I’ve only been to a few trade tastings before, and I’m definitely still not used to it. Walking into a giant hall literally filled with table after table, row after row, of wine after wine, is intimidating and overwhelming. Tala and I did research before this year’s Family Winemakers of California tasting, which was held at Fort Mason. We reviewed the list (220 participating wineries!), and removed the places we knew we didn’t want to check out. In developing our offering for Winelandia, we specifically focused on small producers – say 2500 cases or less, as natural production as possible, and really good value in the $15-$30 price range. We’re looking for wines that no one is afraid to open on a Tuesday night, wines that aren’t intimidating or overbearing, and that pair well with food. This was a great opportunity to for us to meet a lot of winemakers, hone our preferences, and review a wide range of styles and varietals.
But still! Even though we got our list down to, say, 100 wineries, we knew we’d never make it through. I think, at the end of the 3 hours we spent there, we probably tried around 100 wines from 15 or so wineries. And yes, we spit almost all of it out – which is something I’m still getting used to, for sure. In the expanse of wines that we saw, smelled, tasted, and noted, here are three standouts that really made us happy.
Frog’s Tooth 2012 Torrontes
This wine, from the Sierra Foothills, was floral, light, and energetic. The nose was so aromatic and pleasant, and the taste had the right balance of acid and freshness. Coming in around 12% alcohol makes it a great sipping wine. This Torrontes has everything I know Tala loves about the nose on a Viognier, but it’s also got great taste and acidity that Viognier often lacks. Perfect to drink with spicy food or light appetizers. We definitely plan to check this place out as soon as we can get out to Murphys, CA.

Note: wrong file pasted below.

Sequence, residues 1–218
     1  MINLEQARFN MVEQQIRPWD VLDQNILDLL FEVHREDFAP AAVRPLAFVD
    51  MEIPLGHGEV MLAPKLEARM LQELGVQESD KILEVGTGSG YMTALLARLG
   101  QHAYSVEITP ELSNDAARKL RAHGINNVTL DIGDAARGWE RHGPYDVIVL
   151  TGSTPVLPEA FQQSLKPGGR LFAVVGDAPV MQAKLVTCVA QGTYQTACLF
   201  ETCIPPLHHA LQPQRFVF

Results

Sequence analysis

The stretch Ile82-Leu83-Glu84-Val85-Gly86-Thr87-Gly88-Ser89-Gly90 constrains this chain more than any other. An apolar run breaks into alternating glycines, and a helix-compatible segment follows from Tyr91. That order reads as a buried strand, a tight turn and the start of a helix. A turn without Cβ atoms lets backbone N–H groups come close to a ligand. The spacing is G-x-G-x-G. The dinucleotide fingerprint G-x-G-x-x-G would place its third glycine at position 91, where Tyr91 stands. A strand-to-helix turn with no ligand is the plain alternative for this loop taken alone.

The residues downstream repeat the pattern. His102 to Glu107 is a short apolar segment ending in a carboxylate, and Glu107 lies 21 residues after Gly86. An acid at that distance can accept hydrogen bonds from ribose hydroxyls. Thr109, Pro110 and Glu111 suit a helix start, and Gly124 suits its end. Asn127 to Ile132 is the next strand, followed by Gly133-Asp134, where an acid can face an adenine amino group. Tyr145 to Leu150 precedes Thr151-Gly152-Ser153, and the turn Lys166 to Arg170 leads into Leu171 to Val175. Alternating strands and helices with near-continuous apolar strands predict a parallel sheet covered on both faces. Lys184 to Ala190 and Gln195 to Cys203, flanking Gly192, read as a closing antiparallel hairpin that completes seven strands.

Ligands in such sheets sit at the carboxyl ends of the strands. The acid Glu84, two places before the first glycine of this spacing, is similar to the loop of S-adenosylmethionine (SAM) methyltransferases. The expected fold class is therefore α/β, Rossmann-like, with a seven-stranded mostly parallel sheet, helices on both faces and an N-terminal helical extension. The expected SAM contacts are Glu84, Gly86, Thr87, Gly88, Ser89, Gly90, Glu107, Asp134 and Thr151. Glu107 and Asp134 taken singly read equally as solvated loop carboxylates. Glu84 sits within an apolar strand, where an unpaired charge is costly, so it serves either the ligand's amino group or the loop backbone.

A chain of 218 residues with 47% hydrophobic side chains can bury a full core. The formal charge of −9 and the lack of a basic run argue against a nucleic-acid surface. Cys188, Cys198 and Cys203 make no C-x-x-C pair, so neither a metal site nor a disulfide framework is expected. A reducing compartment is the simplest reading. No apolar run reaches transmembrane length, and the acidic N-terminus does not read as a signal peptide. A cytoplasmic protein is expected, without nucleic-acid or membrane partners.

Kaena makes A LOT of Grenache, which was a pleasant surprise to me. I love the lighter bodied, livelier red grapes like Grenache, and it was a treat to taste so many side-by-side. They also had a couple of GSM (Grenache, Syrah, Mourvedre) blends to try as well. Our pick was the Via Caprice Grenache, from the Central Coast. Aged in neutral oak, this was the lightest Grenache they had on offer, with loads of acid and great tart cherry flavor. Surprisingly it was over 14% in alcohol, but didn’t drink that way at all. It’s a super food-friendly wine, but would be great by itself too.
It’s no secret that Tala and I love Russian River Pinot Noir. We’ve had enough that we’re picky about it, though. We’ve been to a lot of wineries, tasted a lot of RR Pinots, and don’t like a lot of what happens there. This wine, though, we loved. It’s everything I want from a Pinot – a bit of cola, some nice earthy and mushroomy flavors, and medium body. A Pinot should be versatile and flexible – ready to pair with food or drink alone, and this Pinot is it. All the Wait Cellars wines were great, but this was a standout.
There were a few others that we loved, and still more that we liked. All in all, it was a great opportunity to check out a TON of California wine – a lot that we haven’t previously had access to. Who are your favorite small California winemakers? Let us know!